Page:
Business License Proposal Eyed In Cumberland
Published 4:23 pm Tuesday, February 14, 2012
CUMBERLAND – County Administrator Judy Ownby recently requested that the Cumberland Board of Supervisors consider changing the threshold amount, which would trigger the requirement of a business license in Cumberland-the original discussion started last year with the County's old board and was requested to be brought up, again, for discussion by the County's Commissioner of Revenue office and Community Development office.
Ms. Ownby asked that the Board revisit the annual gross receipts requiring a business license, which hasn't been changed since 1991.
Currently, according to the information provided, babysitters, 'the Avon lady,' and many others making small amounts of money annually are required to obtain a business license.
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The Commissioner of Revenue's opinion, Ms. Ownby stated, is that the threshold in the County Code should be revised.
“Is the purpose of the business license a means to keep track of businesses in the county or does it have the purpose of being a revenue source?” asked Chairman David Meinhard, District Four, during the discussion in January.
Supervisor Parker Wheeler, District Five, noted that it affords the County the ability to track its businesses and that it's a “very tiny revenue source.”
“For the amount that we have to pay (business license fee) it's so minimal that if someone did do $1,000 for a $30 dollar fee I don't think it's something that would upset the apple cart,” continued Wheeler.
Cumberland's current basic business license fee is $30 a year.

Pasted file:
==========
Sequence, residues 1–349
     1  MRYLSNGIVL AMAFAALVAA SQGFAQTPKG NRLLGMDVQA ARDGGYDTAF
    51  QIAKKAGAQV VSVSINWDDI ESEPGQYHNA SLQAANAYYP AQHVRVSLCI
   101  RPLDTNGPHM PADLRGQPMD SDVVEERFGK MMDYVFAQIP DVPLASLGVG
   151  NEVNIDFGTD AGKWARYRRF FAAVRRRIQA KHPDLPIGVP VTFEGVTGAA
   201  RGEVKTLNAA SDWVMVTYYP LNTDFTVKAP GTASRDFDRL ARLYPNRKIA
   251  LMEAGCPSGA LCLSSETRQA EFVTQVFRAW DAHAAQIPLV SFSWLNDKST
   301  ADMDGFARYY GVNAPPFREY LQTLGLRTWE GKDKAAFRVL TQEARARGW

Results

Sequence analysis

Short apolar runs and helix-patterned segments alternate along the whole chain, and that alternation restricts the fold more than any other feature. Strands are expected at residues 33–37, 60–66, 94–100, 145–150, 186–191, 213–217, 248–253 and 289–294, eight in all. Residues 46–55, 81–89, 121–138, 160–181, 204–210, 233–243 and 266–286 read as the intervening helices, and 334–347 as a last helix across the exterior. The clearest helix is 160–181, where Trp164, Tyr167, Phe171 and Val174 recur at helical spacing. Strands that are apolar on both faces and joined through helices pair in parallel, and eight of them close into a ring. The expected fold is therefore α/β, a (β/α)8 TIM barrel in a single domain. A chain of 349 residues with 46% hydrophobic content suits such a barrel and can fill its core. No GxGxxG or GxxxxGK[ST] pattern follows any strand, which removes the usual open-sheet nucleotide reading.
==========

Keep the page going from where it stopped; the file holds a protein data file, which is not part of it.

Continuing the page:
“I believe the Commissioner of Revenue has made a recommendation to increase that to $10,000,” responded Supervisor Lloyd Banks, District Two. “I don't believe it's a matter of if you're operating a business-I think it's a matter of whether you have income. I know of constituents in my district who are simply babysitting or cutting grass or what have you and they have to come down and purchase a business license. It's certainly not a license to conduct business-it's simply a tax. Buckingham does not have that tax…”
Before being advised by the County Administrator that the Board could not decide and vote during that night's meeting before, first, holding a public hearing, Banks put his recommendation in the form of a motion and Chairman Meinhard asked if there was any further discussion.
After clarification, the Board then voted to set the proposal to change the threshold for the business license fee for a public hearing at its Tuesday, February 14 meeting.
According to information from the Commissioner of Revenue's office, raising the threshold from $3,000 to $10,000 would result in a loss of $3,960 from 132 businesses at $30 each based on 2010 revenues.
Anita French, Cumberland's Commissioner of Revenue, explained to The Herald after the meeting that the request had been brought to the Board's attention based on complaints received from citizens visiting her office.
“This came about because people had been complaining…,” she said. “They are putting it on a Schedule C and, of course, the instructions for that Schedule C, an IRS form, it says the filing for a business or a profession and in the instructions section it says that filing of this form may subject you to a local business license if your county has a business license ordinance and, of course, ours does. So, I really came forward with that to ask the Board to look at it because I'd had so many complaints. It's not really my recommendation, it's just because so many citizens had been in my office to complain…”
But Ms. French did agree that the threshold should be increased.
“You can take it to $5,000 or you can take it to $10,000…and, of course, it has come forward at a $10,000 amount,” she offered. “I think it needs to be raised now as to the amount-that's what we did the report to the Board to show them how much revenue they would lose if they did do it.”
The Supervisors will consider changing the threshold amount required to obtain a business license in Cumberland after holding a public hearing on Tuesday, February 14.